With the go ahead given by the Center for multiplexes and cinema halls to reopen from October 15, the respective state governments are yet to take the final call. The Central government has allowed cinema halls and theatres to resume business with 50 per cent of seating capacity and standard operating procedures (SOPs).
The Multiplex Association of India (MAI) in an official statement, earlier this month, urged state governments, including Maharashtra, to restart operations. “An urgent permission from the state governments to reopen cinemas in their states would go a substantial distance in ensuring that the cinema exhibition sector is able to quickly recover from the dire economic and financial impact of the epidemic,” it said.
Gautam Dutta, PVR CEO, said they would be able to open only 496 screens as only 14 state governments have granted permission to reopen its multiplexes. Dutta said the company is yet to receive any direction from the state government of Maharashtra, where it operates the highest number of screens. He described Maharashtra as an extremely important market as PVR occupies the largest percentage of screen share. Industry experts said that closure of cinema halls in Maharashtra beyond Octiber 31 could impact new releases and the overall business. Cinepolis India CEO Devang Sampat said the company is fully ready and would abide by the directions issued by the government. “We welcome the move from the central government. Almost 75 per cent scree of the 350 screens, which we operate in India would be open,” he said. “We are requesting the other state governments to allow us to open the balance screens as soon as possible.”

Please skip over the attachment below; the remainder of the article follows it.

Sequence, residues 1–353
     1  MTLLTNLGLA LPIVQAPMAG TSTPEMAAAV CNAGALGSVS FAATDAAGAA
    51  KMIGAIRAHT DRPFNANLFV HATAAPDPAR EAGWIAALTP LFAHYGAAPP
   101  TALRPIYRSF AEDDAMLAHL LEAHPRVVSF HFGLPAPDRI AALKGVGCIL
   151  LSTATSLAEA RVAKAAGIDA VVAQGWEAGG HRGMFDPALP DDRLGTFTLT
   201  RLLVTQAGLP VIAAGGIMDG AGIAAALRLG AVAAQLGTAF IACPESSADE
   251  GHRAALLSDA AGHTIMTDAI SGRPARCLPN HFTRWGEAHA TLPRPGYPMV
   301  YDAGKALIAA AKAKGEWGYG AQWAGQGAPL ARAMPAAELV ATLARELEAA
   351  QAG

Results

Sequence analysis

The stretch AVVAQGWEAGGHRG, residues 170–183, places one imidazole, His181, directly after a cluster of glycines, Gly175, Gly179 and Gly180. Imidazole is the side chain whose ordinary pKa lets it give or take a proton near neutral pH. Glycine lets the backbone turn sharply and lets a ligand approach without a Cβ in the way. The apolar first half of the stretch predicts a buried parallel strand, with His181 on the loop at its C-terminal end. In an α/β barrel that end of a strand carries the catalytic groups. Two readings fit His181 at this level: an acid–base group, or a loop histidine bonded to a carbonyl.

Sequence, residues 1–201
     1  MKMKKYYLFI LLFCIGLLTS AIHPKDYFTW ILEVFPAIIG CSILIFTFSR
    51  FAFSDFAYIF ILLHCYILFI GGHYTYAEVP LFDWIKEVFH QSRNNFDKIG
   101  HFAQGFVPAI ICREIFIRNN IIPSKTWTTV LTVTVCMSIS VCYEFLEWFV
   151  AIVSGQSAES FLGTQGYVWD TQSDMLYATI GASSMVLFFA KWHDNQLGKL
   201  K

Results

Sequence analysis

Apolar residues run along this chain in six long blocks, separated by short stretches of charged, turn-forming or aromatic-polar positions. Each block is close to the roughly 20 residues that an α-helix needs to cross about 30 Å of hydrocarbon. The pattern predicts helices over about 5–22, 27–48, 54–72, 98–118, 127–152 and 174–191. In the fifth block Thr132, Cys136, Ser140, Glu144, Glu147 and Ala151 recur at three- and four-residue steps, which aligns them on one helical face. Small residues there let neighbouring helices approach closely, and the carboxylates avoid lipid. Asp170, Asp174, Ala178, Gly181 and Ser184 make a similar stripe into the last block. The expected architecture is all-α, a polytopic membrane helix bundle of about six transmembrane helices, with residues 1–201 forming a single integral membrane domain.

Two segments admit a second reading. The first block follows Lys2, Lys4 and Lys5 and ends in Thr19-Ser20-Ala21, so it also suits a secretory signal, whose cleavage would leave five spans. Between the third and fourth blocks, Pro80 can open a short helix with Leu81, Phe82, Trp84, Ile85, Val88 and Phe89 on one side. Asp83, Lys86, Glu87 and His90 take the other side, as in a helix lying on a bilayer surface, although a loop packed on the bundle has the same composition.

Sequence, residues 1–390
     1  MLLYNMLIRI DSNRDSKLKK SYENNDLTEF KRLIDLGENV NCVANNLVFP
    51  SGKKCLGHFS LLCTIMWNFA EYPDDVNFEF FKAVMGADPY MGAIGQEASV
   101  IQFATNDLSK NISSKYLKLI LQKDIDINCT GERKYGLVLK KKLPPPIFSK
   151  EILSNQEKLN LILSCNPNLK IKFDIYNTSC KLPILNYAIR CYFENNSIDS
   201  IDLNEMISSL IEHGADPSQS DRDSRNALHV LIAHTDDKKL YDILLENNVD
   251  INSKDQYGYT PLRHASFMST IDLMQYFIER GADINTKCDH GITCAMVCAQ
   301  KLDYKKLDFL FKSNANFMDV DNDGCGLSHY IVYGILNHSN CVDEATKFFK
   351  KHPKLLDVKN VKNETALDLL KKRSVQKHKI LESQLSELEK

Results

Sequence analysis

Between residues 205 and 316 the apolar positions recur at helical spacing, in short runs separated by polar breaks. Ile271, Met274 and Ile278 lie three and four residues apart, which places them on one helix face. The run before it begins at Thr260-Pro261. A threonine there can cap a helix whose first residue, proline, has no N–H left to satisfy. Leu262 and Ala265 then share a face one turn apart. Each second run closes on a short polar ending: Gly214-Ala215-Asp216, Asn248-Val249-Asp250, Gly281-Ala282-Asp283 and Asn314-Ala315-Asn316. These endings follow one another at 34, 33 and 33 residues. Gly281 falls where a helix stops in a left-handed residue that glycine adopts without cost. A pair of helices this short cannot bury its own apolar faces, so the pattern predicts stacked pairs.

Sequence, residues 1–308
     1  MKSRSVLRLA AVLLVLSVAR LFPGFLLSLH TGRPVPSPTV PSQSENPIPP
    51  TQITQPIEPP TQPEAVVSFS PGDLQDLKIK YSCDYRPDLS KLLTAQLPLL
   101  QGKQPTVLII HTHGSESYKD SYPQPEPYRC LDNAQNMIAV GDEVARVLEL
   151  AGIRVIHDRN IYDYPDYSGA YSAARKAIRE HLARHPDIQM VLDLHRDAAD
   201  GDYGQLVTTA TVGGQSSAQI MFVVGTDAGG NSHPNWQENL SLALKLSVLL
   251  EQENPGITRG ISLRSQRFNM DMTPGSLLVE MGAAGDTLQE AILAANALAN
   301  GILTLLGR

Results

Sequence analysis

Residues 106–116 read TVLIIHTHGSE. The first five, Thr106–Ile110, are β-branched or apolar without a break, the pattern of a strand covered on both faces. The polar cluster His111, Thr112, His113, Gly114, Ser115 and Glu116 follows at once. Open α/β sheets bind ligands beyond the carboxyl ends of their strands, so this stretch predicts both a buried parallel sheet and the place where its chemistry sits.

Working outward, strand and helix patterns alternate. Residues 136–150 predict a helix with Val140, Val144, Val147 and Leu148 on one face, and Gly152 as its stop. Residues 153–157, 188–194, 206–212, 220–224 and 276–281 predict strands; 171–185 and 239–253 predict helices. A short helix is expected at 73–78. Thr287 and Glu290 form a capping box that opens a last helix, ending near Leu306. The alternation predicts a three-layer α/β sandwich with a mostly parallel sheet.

Mukta A2 Cinemas, which is run by Subhash Ghai’s film production company Mukta Arts, is set to open 40 per cent of the screens which it operates. Mukta Arts MD Rahul Puri welcomed the decision to reopen cinemas and multiplexes. “The SOPs that have been released are highly comprehensive and will guarantee that the return to normalization is a smooth one,” he said. “This announcement brings enormous relief to the media and entertainment industry and the thousands of people it employs, many of whom have been severely impacted by the shutdown.” Moreover, INOX Leisure is looking to take advantage of the pandemic. “We are looking to innovate with private screenings, where families or smaller groups of guests can book the entire auditorium and enjoy the content of their choice,” said Alok Tandon, the CEO. “Our shows will be programmed in such a manner that there are no simultaneous entries, intermissions and exits.” Tandon said Innox will also keep PPE kits available for purchases. It will include a mask, pair of gloves and sanitizer. It will also provide a web link to its viewers through SMS to access the food and beverage menu to place order.
Since March 2020, multiplexes and cinema halls have been reeling under heavy losses. Tamil Nadu and Maharashtra state administrations have not allowed cinema halls to reopen until October 31.